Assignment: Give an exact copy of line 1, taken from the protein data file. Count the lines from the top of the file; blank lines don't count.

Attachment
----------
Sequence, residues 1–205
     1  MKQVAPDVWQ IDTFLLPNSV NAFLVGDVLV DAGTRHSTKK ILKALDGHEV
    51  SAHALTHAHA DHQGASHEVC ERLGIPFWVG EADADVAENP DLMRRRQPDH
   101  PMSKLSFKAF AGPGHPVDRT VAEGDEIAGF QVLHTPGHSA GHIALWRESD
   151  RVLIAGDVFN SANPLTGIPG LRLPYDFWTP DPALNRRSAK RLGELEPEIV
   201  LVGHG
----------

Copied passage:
Sequence, residues 1–205